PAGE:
Ever since the tragic shooting of 49 people at a gay nightclub in Orlando, Florida occurred earlier this month, members of a tiny mosque the gunman attended in Fort Pierce have been cooperating with the FBI and local police to assist with ongoing investigations, even as the center endures a rash of hateful visits and phone calls. Yet despite their efforts, worshippers say authorities are refusing to provide the community with a security detail.
In the immediate aftermath of the attack, members of the Islamic Center of Fort Pierce condemned the shooter and planned a blood drive to help the victims, releasing a statement saying they “repudiat[ed] anyone or any group that would claim to justify or excuse such an appalling act of violence.” But as the days waned on, members grew worried of anti-Muslim revenge attacks on the house of worship.
Their concerns proved to be prescient: According to Wilfredo Ruiz, a spokesman for the St. Pierce mosque who also happens to be communications director of the Florida chapter of the Center for American Islamic Relations (CAIR), it wasn’t long before mosque members encountered Islamophobic hate.
People started to drive by and shout racial slurs.
“Incidents started to happen — people started to drive by and shout racial slurs,” Ruiz told ThinkProgress. “And last Friday, when worshippers were exiting their services during the rain, cars were driving by splashing them.”
Ruiz said the mosque has also received angry voicemails filled with slurs and threatening language, most of which were forwarded on to local police to determine if legal action was necessary. And last week, a group of bikers descended on the center for a “patriotic rally,” circling the block on their motorcycles several times.
“These people do feel very insecure, and legitimately afraid for their safety,” Ruiz said.
Indeed, attacks on Muslims and Islamic houses of worship are an unsettlingly predictable response to terrorist incidents, and have become increasingly common over the past year as anti-Islam sentiment rises. ThinkProgress has tracked at least 81 anti-Islam incidents across the United States since ISIS-affiliated gunmen attacked Paris last year, with Muslims and those who are perceived to be Muslim enduring harassment, beatings, shootings, and violent attacks on their worship spaces. Ruiz noted that CAIR reports a 500 percent increase in anti-Muslim hate over the past year in Florida alone.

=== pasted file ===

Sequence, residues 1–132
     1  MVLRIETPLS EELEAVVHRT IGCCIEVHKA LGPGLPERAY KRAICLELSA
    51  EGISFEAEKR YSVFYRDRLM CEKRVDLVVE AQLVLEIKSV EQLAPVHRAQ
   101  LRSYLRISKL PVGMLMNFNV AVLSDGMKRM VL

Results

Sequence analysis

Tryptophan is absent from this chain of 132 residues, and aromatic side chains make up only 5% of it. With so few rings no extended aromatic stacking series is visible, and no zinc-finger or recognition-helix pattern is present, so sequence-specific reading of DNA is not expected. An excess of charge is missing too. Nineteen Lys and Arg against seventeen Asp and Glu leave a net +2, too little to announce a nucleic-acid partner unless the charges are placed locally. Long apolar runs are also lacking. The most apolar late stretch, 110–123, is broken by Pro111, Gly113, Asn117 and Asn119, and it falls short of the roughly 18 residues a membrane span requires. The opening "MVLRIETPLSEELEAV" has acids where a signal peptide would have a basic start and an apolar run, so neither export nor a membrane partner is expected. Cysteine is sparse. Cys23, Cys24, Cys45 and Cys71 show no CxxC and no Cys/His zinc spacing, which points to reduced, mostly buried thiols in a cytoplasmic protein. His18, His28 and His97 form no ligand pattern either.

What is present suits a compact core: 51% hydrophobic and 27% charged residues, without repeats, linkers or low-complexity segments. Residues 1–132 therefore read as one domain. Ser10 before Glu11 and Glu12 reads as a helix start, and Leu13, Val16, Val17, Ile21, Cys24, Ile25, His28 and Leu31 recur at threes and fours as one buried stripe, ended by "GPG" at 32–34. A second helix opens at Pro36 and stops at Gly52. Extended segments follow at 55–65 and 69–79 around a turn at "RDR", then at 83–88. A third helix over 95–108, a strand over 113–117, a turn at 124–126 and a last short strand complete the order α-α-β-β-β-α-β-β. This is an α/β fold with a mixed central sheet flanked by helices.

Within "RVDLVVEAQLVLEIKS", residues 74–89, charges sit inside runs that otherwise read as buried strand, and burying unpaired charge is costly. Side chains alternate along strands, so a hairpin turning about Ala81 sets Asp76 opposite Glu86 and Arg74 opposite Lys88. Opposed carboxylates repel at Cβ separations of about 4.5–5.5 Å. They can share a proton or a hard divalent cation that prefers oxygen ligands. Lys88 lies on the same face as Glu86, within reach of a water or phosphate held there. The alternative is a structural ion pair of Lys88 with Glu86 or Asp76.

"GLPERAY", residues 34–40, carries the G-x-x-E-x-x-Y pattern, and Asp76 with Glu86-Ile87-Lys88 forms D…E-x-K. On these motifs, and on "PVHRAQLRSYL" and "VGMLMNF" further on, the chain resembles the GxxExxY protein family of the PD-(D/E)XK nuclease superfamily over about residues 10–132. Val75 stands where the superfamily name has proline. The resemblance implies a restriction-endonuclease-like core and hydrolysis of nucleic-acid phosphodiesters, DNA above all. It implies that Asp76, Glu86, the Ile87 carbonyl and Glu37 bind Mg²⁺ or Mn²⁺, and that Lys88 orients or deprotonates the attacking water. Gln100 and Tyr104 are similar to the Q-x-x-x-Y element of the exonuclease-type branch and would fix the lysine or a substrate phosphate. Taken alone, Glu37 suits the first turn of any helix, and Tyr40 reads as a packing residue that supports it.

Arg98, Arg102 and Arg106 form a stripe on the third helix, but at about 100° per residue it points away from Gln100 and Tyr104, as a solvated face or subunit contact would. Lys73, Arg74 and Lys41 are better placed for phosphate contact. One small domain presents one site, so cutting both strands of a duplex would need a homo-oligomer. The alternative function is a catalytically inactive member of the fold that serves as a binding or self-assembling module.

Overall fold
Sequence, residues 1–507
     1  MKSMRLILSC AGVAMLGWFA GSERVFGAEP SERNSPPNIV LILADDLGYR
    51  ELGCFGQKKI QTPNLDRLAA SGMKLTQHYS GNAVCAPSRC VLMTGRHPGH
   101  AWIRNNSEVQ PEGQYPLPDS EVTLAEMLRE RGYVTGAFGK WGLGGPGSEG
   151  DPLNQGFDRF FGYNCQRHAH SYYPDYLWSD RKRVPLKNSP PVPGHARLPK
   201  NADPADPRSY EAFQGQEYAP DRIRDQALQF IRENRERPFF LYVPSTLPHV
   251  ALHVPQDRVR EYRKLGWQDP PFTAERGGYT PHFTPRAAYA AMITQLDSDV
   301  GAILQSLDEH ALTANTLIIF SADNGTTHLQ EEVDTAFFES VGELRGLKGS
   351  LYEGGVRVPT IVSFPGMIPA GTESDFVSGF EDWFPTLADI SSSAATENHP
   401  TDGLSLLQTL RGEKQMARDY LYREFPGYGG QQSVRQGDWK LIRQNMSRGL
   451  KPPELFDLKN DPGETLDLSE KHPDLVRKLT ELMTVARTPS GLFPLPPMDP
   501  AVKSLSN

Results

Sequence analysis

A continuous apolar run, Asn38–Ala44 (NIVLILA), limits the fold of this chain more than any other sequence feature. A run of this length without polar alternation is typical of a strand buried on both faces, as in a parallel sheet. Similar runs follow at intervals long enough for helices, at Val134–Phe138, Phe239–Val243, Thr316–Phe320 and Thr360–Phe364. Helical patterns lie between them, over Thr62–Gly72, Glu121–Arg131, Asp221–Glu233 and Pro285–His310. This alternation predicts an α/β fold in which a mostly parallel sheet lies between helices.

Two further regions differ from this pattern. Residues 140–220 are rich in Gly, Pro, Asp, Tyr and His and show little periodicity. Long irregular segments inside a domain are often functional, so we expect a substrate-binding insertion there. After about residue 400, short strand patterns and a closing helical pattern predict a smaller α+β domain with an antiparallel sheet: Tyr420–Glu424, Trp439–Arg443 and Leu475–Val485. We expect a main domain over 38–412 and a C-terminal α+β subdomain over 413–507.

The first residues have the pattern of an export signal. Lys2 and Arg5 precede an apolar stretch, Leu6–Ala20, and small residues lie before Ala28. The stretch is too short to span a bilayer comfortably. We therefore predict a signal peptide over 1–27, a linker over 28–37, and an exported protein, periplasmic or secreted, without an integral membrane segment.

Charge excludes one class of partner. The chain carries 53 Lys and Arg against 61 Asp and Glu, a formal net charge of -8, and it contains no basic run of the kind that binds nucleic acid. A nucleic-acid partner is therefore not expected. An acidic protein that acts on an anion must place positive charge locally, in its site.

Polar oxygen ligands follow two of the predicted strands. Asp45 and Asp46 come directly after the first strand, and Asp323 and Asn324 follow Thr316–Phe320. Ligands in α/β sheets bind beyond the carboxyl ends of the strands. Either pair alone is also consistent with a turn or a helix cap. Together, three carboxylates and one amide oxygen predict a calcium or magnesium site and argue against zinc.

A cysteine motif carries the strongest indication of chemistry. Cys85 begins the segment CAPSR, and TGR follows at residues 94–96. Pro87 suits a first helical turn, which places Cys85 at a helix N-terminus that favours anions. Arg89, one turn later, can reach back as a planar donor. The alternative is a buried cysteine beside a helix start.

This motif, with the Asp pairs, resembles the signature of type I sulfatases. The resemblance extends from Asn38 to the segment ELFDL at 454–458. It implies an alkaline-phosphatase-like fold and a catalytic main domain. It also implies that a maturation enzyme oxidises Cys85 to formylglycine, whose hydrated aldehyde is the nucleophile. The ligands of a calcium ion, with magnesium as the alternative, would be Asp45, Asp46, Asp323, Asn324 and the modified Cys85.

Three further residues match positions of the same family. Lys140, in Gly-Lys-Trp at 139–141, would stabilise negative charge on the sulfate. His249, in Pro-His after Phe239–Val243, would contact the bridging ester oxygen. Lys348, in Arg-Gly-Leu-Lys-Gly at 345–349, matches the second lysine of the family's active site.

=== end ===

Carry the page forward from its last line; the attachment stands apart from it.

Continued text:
As tensions rose in Ft. Pierce, the mosque’s imam reportedly approached the county sheriff’s office to ask for a security detail, hoping officers could protect the worshippers as they entered and exited the center for Ramadan prayers in the evenings. But while officers agreed to patrol the area infrequently, requests for stationed police were consistently denied, with officials claiming they were too busy with other police work in the aftermath of the Orlando shooting to help.
“The terrorist attack in Orlando has our entire agency working extremely hard,” read a statement provided to ThinkProgress by the St. Lucie County Sheriff’s Office. “Placing patrol units at specific locations by special request, even if reimbursed by the requesting party, is evaluated based on staffing levels and can at times limit our ability to maintain our mission and appropriately respond to the entire community.”
“At this time we have received no indication of safety concerns related to retaliation,” the statement added. “At the time of the request, we were unable to provide sufficient personnel to grant the request due to other contractual obligations.”
Bryan Beaty, the sheriff’s public information officer, also said that officials are now in communication with the mosque, and that a security detail was now a possibility.
But the mosque still doesn’t have a detail the time of this writing, and has reportedly hired private guards to protect the congregation in the meantime. CAIR Florida is also planning to hold to conduct a safety and security training for members of the center, and leaders have also reached out to the U.S. Department of Justice for help in quickening law enforcement’s slow response.
“This became a very frustrating effort,” Ruiz said. “We wanted [the DOJ] to get involved, because we were facilitating so many interviews with the FBI.”